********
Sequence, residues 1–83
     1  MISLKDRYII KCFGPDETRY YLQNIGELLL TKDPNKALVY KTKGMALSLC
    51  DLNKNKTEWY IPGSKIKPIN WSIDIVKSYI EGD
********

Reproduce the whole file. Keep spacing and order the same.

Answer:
Sequence, residues 1–83
     1  MISLKDRYII KCFGPDETRY YLQNIGELLL TKDPNKALVY KTKGMALSLC
    51  DLNKNKTEWY IPGSKIKPIN WSIDIVKSYI EGD